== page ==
big hero 6

12/29/14

I did NOT know that the night of taking my four-year-old to a kid movie, I’d be writing a grief and loss movie review.

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Disney’s Big Hero 6 centers around Hiro, a fourteen-year-old genius who’s already graduated high school, and his big brother, Tadashi, who’s in college… and who tragically dies in a horrible accident. I’m not talking about back story, but after you’ve gotten to know him; in the movie. It was very sad. And very shocking to me.

Also surprising is how well it was handled. But it shouldn’t be something so out of the ordinary. Everyone will suffer profound loss at some point in his/her life.

Baymax (the white Michelin Man/marshmallow-looking robot you may have seen in previews) is a healthcare robot project that big brother Tadashi was working on. When Baymax realizes Hiro is suffering profoundly after losing his brother, he literally downloads into his “brain” How to help someone suffering from loss. And then does those things for Hiro.

First, he wordlessly gave Hiro a big warm hug.

Baymax hug

He called Hiro’s friends to support and be with him—even through Hiro’s protests. If whatever he was doing at a given time was helping Hiro feel better, he kept doing it. He scanned Hiro after an exciting “fly-over” of the metropolis, and noticed his adrenaline was elevated—he was happy. So they took another spin.

Where can I get a Baymax—Brookstone?

I want a personal grief assistant to scan me and know what I need. Because much of the time I don’t even know. And I’m certainly not good at saying what I need. My Baymax would know when I need an ear. A shoulder. A stupidfunny movie like “Bridesmaids” or “Superbad.” A chick flick like “Love Actually.” A tear jerker like… well, everything’s a tear jerker. A hot bath. A girls’ night out. A girls’ night in. Chocolate. A Kade story.

Even if your loved one is gone (they never used the word died), he is always with you. When grieving little brother Hiro didn’t want to listen, or hear, or accept that message throughout the movie, it was repeated. It was that important.

He is always with you. He’s always with you.

The movie spoke to the physical aspects of grief. What?! It addressed pain: both kinds. It dealt with anger and revenge. I could relate to being so angry you want to hurt someone. And on the flip side, to gentle souls exemplifying that doing good is what really honors your loved one.

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He is always with me. He’s always with me.

I give this sweet (and really very funny!) movie nine out of ten flannels.

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movie review: “This is Where I Leave You”

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There wasn’t much at the theater we wanted to see for Date Night. I had seen the previews for “This is Where I Leave You” weeks if not months before, so was surprised it was still in a theater. It was my pick, Brian was luke-warm on all of them, so it won.

And thank goodness it did. How can you go wrong with Jason Bateman and Tina Fey? His affiliation with Arrested Development made me a fan for life, and her hilarity on SNL: “I can see Russia from my house!” Though I haven’t seen Jane Fonda in anything in… decades? she pleasantly surprised and impressed. Brian and I also liked Dax Shepard’s character. I only saw a couple seasons of him on TV’s “Parenthood,” and didn’t care for his wishy-washy role. But in the movie he perfectly portrayed a loud-mouthed, egotistical a-hole radio personality. So funny.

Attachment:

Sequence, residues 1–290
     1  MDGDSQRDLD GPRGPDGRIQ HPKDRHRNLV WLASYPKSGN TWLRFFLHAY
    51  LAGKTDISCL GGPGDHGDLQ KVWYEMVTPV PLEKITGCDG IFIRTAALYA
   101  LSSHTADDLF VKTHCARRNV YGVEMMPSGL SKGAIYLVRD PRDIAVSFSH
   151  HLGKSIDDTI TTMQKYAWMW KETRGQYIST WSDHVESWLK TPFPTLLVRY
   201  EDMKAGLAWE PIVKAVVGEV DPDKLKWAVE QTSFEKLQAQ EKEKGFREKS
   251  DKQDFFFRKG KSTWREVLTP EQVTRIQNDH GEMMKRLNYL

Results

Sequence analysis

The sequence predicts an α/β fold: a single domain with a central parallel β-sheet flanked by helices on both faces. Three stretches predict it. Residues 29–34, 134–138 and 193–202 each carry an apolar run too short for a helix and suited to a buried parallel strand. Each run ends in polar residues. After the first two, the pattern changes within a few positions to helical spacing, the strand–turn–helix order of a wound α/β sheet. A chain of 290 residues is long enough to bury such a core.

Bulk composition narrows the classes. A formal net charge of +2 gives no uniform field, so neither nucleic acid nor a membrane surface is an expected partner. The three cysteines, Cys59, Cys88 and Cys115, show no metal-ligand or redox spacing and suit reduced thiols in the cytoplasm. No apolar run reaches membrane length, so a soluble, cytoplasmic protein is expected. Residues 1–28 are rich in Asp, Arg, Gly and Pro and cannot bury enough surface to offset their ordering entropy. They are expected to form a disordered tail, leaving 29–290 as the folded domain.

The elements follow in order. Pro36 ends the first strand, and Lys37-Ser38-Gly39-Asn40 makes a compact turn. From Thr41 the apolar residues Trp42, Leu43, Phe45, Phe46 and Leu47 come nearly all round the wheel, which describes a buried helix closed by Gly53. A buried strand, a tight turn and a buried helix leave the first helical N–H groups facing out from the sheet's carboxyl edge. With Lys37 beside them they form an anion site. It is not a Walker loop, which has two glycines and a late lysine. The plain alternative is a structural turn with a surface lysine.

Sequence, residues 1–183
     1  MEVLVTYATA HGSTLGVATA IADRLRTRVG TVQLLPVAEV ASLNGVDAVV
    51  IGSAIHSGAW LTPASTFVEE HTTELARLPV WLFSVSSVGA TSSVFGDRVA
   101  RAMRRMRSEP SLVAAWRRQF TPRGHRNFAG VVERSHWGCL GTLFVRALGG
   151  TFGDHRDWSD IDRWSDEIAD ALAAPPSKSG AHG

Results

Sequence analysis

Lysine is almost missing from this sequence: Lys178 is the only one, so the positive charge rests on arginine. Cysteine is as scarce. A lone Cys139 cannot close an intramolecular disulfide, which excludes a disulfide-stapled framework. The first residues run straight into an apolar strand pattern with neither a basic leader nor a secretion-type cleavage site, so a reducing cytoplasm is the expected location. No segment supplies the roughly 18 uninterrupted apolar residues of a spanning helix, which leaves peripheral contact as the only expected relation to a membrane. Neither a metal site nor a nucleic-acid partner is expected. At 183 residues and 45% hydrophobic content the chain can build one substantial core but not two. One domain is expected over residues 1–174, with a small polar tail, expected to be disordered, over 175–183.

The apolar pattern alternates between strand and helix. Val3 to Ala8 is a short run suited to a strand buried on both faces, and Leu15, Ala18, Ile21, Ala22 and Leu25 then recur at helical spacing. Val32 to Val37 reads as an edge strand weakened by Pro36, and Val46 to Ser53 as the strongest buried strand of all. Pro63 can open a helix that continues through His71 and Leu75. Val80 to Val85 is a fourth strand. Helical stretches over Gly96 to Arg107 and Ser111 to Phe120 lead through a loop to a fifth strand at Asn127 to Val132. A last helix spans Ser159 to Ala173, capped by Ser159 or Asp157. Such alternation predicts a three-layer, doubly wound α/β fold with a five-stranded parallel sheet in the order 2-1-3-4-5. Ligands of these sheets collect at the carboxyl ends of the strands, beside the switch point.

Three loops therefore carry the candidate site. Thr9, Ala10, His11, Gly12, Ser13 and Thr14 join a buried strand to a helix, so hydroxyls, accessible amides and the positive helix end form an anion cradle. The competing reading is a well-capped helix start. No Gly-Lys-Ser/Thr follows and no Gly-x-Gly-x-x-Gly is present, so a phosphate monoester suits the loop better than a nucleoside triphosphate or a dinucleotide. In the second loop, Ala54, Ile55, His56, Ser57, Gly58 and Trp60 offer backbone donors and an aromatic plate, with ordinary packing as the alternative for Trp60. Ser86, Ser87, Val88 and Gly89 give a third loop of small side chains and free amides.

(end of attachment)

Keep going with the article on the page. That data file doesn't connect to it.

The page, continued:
I dig screwy family dynamics movies. Do you remember “Home for the Holidays” from the 90’s, directed by Jodie Foster with Robert Downy Jr. and Holly Hunter? If done well those movies can make you laugh along and realize your own life isn’t so messed up. Be it that I’m a chick, sensitive soul, or naive movie consumer, I definitely eat up a happy ending. And whether laughing out loud or bawling my eyes out, which may not be so different from each other after all, it’s good to let loose. Doesn’t take much.

I knew from the previews it was about the loss of the family patriarch, and his estranged grown kids having to spend days with each other after the funeral. I don’t know if it’s morbid curiosity that draws me to grief and loss films now, or perhaps because we want to see ourselves in shows we watch and books we read. Maybe because I’m curious to see what THEY do, and how THEY react after a death. Or if Hollywood will get it right… or irritatingly wrong. I remember more right than wrong. Some scenes were irreverently, uncomfortably, funny. Sometimes no one knew quite what to do. At times it was awkward. Check, check, check.

One of my favorite parts was Bateman and Fey’s brother/sister bond. I feel that kind of connection with my brother. I can see us climbing out our bedroom windows onto a rooftop, sharing an adult beverage, and sorting out life. Their connection was really cool and watching it, I wanted my brother to see it. Rent it, Andy!

The more I write the more I remember. That’s how writing goes!  More nuggets:

  • The youngest brother couldn’t shake his “screw-up” role, but spoke from his heart and always said Just The Right Thing
  • My Brian, who sadly lost his dad about 15 years ago, was touched by the scene where Bateman remembered his dad helping him ride a bike. I’m tearing up here at Starbucks. Pretty sure they think I’m crazy here by now.
This movie has everything: grief and loss (remember, I’m crazy), plenty of irreverent humor, and messy but loving relationships. I give it eight out of ten flannels.

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